Occasionally, the global mutual fund industry produces a fund manager whose name becomes familiar even to those outside its usual orbit. One of these doyens, Franklin Templeton’s emerging markets (EM) pioneer, Dr. Mark Mobius, is set to retire after an esteemed 30 year career.
EM fund launches have been considerable
To put the durability of Dr. Mobius into perspective – when we go back to the late 1980s, there were only ten funds in what is now the broad-based Thomson Reuters Lipper Global Emerging Market Equity Funds classification. Today, there are some 1,200 funds in this classification, and in 2017 alone, we saw over 70 new fund launches.
The extent to which the broad EM church in equities has widened is reflected also by the growth in country and regional classifications: Asia, Europe, and Latin America all have their own separate EM classifications. Furthermore, there are 26 separate country fund classifications for countries from Morocco to Thailand, containing funds that could potentially contain a high proportion of EM shares.
Exhibit 1. AUM of Lipper Global Emerging Market Equity Classification (in U$ bn)
Lipper assets under management data go back to 2003. For that year global EM equities funds contained around U$115 billion AUM. Today, that total is just over U$1 trillion, which represents an average annual AUM growth rate of some 25% a year.
However, this has been anything but a neat compounding. In 2008 EM equity AUM contracted by 60%, and more recently, with the tapering of quantitative easing in 2015, some 20%.
Exhibit 2. Comparative 30-year performance of Lipper Global Equity Classifications (in U$ to December 31, 2017)
Performance and EM re-structuring
For the 30 years ended December 31, 2017, EM equity compounded at 8.8% pa (in U.S. dollars) in contrast to global equity ex-U.S. (6.5% pa), but it still falls short of global equity U.S. (9.1% pa). This was largely due to the magnitude of the global financial crisis drawdown, which affected EM equities over U.S. equities by a magnitude of 2x.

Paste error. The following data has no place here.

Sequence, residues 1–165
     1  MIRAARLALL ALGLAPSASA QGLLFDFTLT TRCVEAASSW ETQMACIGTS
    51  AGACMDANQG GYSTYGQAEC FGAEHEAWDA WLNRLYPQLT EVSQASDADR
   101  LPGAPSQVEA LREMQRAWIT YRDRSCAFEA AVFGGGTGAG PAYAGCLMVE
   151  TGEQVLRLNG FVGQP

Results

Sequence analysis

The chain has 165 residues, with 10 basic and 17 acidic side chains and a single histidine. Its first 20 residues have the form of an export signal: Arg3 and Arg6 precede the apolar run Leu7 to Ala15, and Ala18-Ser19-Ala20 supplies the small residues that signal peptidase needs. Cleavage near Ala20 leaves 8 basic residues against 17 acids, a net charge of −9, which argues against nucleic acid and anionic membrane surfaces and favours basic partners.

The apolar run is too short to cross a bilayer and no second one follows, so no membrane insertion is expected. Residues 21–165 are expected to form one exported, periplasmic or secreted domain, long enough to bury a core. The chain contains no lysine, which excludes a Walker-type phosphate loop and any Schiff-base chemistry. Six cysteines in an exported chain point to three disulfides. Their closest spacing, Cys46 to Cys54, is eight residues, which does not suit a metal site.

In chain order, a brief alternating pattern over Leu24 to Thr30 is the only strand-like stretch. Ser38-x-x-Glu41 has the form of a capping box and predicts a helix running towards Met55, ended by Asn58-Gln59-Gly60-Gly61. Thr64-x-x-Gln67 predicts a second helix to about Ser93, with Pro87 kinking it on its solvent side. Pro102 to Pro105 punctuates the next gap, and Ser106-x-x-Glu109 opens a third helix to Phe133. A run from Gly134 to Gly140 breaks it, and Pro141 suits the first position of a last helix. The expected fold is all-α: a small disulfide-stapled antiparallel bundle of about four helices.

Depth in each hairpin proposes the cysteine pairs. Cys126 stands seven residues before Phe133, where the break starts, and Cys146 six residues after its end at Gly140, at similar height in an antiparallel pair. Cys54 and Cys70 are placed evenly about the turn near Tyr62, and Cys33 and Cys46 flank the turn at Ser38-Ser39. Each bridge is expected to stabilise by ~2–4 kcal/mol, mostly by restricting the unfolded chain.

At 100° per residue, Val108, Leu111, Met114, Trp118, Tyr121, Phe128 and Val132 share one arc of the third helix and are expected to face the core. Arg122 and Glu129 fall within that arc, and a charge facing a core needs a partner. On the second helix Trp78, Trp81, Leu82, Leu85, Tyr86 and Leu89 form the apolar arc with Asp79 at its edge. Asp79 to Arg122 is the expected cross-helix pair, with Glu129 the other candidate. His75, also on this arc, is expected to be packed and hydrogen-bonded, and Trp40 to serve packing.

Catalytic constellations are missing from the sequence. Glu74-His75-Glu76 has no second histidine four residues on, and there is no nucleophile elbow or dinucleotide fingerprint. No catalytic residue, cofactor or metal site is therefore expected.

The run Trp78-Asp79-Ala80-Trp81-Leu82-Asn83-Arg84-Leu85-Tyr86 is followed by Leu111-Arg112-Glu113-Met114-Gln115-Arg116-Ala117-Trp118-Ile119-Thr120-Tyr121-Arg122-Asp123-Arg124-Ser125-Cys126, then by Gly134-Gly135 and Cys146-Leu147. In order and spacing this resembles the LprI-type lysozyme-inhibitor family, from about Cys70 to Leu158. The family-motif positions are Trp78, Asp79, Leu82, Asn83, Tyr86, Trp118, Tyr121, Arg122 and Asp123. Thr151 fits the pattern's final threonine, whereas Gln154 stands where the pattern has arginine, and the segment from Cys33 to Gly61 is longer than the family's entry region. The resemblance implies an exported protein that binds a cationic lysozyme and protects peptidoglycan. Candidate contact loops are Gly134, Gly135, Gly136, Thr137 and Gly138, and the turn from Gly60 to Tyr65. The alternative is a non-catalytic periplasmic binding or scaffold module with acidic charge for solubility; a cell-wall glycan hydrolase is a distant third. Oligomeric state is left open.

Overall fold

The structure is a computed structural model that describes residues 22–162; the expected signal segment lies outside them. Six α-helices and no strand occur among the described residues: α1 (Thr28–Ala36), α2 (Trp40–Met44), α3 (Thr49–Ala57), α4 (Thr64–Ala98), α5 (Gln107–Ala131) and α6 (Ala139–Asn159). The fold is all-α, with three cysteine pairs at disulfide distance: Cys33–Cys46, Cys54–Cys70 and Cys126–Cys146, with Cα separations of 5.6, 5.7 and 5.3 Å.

The evolution in EM equities isn’t just reflected in regional development and its infiltration into investor consciousness. As Dr. Mobius himself points out, the composition of EM markets has shifted dramatically over the last ten years. The proportion of “traditional” EM sectors such as energy and materials stocks have decreased materially with a commensurate increase in technology and consumer exposure.
Liquidity risks & passive flows
However, liquidity and volatility are key risks that, despite structural changes, remain. Gary Greenberg, manager of the U$3.4 billion Hermes Emerging Market Equities Fund, points out that of the 30,000 EM stocks he considers his investible universe, there are fewer than 3,000 of sufficient liquidity to include in a modest-sized EM equities portfolio.
Compounding this issue further is the effect of passive vehicle concentration. Approximately 33% of fund assets (at the end of 2017) in the Lipper Global EM Equities classification are held in passive vehicles. By comparison, the equivalent figure for all funds registered for sale in Europe is 18%. Any late-cycle rotation out of passive vehicles into active funds could certainly affect EM markets disproportionately.
By way of example, the most recent Eikon Fund Share Holders Report for Tencent (the largest holding in the iShares MSCI Emerging Market ETF) reveals that of the ten largest fund share holders for this stock, eight are passive or low tracking-error vehicles.
Source: Thomson Reuters Lipper, Lipper for Investment Management.
Volatility remains above other equities
Despite the possible headwinds of increasing interest rates and an appreciation of the U.S. dollar, the EM story remains compelling for many investors. The contribution of EM countries to global GDP growth is material, and market valuations are relatively attractive.
However, despite the myriad changes seen in EM during the time of Dr Mobius’s career, there hasn’t been a commensurate decrease in volatility of EM equities over that of other regions. The average of the five-year volatility in EM equities since 1987 (rolling quarterly in USD) is 46% higher than that of U.S. equities and 32% higher than that of global equities (ex-U.S.).
It remain to be seen what progress is made on this front over the next 30 years.
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